In the March of 1786, the sheriffs of London presented a petition to the King of England, King George 111, stating the urgent need to transport unwanted, diseased criminals crowding England’s jails and hulks. With the colonies of the America no longer an option – they were lost during the war of independence in 1783, the suitability of various places around the globe was undertaken by a Committee of the House of Commons.
Between 1780 and 1850 Britain was industrialising. Towns were transforming into cities and the landscape changing from subsistence farming into one of large factories and mills.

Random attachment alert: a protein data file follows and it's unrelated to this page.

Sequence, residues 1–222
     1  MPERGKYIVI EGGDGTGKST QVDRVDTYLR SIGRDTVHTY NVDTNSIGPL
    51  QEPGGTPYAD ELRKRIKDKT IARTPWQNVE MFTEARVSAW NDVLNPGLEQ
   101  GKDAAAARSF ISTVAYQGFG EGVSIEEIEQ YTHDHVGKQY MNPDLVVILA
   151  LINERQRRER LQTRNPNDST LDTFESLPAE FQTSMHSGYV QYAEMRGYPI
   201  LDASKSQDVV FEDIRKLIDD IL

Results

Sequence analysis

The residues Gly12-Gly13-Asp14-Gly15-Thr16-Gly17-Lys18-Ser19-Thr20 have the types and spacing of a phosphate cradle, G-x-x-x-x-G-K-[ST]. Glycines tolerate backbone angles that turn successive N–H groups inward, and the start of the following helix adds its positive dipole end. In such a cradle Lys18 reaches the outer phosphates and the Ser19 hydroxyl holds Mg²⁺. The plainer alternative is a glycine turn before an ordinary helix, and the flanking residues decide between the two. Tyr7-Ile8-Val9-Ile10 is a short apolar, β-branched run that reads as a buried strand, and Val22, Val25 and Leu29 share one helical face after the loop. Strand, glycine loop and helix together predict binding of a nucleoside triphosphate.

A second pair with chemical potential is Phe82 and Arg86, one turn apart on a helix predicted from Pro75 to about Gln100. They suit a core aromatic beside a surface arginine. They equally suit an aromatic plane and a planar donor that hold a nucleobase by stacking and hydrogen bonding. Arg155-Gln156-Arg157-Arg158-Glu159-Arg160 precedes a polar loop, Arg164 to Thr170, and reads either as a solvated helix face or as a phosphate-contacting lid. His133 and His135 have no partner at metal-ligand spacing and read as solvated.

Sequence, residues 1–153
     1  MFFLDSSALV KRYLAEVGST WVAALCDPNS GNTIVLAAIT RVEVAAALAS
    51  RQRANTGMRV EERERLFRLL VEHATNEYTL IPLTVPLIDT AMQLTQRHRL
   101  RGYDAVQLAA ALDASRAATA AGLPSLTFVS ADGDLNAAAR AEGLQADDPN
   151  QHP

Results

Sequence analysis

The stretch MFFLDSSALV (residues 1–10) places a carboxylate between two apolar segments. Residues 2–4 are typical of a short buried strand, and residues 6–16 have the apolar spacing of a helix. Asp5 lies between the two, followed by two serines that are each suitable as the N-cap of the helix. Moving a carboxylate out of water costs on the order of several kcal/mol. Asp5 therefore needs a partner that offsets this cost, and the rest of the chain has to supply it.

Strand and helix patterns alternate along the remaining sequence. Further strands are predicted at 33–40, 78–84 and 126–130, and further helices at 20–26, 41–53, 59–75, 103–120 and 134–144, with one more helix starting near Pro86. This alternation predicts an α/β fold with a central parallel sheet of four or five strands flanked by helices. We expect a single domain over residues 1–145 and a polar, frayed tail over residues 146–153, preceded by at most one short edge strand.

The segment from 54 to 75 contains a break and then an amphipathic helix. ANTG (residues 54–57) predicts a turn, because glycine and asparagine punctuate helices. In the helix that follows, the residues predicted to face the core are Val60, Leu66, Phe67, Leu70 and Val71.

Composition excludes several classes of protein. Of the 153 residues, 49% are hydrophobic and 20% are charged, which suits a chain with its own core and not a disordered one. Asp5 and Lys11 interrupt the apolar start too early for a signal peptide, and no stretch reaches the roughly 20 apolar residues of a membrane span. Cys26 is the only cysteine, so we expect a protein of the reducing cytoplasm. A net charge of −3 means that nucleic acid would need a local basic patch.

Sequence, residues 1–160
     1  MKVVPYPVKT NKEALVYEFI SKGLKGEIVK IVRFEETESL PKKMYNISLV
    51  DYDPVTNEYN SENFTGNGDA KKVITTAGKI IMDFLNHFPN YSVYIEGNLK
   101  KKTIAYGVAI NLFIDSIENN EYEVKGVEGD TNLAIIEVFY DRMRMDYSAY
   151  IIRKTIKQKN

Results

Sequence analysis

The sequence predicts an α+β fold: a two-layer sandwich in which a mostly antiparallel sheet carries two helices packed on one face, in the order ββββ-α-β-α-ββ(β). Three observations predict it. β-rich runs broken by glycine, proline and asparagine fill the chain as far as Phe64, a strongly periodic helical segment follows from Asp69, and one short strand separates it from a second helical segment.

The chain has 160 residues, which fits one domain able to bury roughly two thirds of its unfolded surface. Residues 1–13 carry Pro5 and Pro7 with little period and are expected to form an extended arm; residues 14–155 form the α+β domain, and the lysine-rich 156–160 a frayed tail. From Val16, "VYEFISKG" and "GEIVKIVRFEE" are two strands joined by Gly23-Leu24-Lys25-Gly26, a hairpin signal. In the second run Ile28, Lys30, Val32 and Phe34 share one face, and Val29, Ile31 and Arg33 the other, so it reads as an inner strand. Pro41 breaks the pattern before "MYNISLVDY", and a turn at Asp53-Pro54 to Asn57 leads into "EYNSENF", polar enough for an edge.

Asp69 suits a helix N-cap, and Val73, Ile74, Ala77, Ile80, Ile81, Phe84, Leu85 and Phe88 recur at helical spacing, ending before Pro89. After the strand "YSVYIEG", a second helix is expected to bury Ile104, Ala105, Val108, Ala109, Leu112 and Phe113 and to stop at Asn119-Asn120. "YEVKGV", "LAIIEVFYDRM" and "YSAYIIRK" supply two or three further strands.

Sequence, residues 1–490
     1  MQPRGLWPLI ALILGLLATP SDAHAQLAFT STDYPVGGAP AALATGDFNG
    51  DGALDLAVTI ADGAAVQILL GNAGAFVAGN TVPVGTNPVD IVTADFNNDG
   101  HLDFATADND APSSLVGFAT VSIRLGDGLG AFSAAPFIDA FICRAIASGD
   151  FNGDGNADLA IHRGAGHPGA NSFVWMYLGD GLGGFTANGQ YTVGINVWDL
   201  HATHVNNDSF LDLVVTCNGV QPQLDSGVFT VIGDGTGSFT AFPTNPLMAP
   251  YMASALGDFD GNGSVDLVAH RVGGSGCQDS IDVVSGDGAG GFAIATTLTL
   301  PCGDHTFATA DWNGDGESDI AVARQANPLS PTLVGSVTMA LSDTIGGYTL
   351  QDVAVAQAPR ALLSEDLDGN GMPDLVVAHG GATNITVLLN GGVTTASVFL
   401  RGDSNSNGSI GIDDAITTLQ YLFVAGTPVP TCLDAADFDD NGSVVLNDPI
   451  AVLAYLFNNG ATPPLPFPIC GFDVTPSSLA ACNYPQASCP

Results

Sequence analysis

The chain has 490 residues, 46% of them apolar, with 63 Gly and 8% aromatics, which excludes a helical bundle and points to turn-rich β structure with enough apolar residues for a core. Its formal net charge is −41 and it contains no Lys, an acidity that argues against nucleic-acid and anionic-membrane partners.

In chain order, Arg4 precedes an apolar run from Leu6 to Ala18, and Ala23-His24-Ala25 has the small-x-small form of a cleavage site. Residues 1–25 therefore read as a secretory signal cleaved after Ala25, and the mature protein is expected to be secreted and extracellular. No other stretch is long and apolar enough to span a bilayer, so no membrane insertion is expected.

Traditional crafts were being displaced by machinery and new living spaces created cramped and squalid conditions. These significant economic and social changes influenced the ways in which male and female roles were perceived.
The notion of ‘spheres of separation’ considered a women’s place to be in the home, and regarded it as a haven from the chaotic and busy world of factories and business. Sufficient emotional fulfillment was to be found as a wife and mother and these new standards ensured numerous publications were sold informing women how to be good household managers. Marriage signified maturity and respectability, but motherhood was idealised as a world of virtue and female fulfilment. A man on the other hand was to be found in the public realm of business and politics.